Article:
Those rulings are no longer the law of the land, and one reason is the court’s changed composition. Two members of the court who joined in its earlier abortion decisions, Ruth Bader Ginsburg and Anthony Kennedy, were succeeded by justices appointed by Trump: Barrett and Kavanaugh. Trump had declared that he would put “pro-life justices on the court.”

Supporters, for whom the decision was a major victory, said the measure was intended to regulate “inhumane procedures” and argued that a fetus is capable of detecting and responding to pain by that point in a pregnancy.

Friday’s ruling was a bitter defeat, however, for advocates of abortion rights, who struggled to maintain them while courts narrowed their application over the past five decades.

“Knowing this moment would come does not make it any less devastating,” Alexis McGill Johnson, president of the Planned Parenthood Action Fund, said. “The Supreme Court has now officially given politicians permission to control what we do with our bodies, deciding that we can no longer be trusted to determine the course for our own lives.”

The Center for Reproductive Rights had urged the court to maintain its earlier abortion rulings that upheld a right of access to abortion.

“Two generations have now relied on this right, and 1 out of every 4 women makes a decision to end a pregnancy,” Julie Rikelman, a lawyer for the group, told the justices.

Lawyers for Mississippi, however, said the law would have a minimal impact on women in the state because its only abortion clinic does not perform the procedure after 16 weeks. More than 90 percent of abortions take place before or during the 13th week of pregnancy, they said.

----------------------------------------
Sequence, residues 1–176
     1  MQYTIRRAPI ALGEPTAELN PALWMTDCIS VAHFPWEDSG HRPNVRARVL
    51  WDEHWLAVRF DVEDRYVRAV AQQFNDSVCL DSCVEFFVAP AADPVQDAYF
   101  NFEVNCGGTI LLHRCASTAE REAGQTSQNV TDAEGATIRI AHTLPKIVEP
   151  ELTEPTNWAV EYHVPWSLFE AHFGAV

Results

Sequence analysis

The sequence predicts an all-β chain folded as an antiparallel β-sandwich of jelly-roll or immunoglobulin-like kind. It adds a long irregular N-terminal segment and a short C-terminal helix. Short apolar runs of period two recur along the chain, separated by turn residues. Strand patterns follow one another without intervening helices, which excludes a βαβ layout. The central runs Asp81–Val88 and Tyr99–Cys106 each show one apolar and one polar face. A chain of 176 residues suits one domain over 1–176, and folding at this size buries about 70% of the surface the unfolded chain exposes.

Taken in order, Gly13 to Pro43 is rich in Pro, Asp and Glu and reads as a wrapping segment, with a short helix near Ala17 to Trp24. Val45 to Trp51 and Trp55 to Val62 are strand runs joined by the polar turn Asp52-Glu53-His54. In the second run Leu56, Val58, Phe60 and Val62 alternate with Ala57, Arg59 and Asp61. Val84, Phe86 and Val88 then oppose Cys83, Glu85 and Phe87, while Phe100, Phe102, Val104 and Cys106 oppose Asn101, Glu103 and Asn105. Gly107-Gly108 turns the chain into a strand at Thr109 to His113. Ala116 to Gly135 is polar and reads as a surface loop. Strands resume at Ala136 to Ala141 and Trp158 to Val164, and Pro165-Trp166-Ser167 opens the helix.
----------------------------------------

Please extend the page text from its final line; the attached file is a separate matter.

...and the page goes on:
The court’s decision was the second ruling this term limiting access to abortion. In December, the court allowed a Texas law to remain in force while lower court challenges are underway. The law effectively bans abortion after six weeks of pregnancy by authorizing lawsuits against abortion providers or anyone who assists them.

Its unorthodox method of enforcement was intended to get around the Supreme Court’s earlier abortion rulings that prevented states from simply banning abortion directly. But last June, Gov. Greg Abbott signed a law that would ban abortion in the state within 30 days after a ruling striking down Roe.

In about half the country, abortion is soon likely to be illegal. Texas is one of about two dozen states that were considered certain or likely to ban abortion once the Supreme Court’s abortion precedents were overturned. Thirteen of those states already have known measures as trigger laws, intended to take effect when Roe was overturned or shortly after.

But abortion will remain legal in the other half of the nation, including in such populous states as California, New York, Illinois, New Jersey, and Pennsylvania.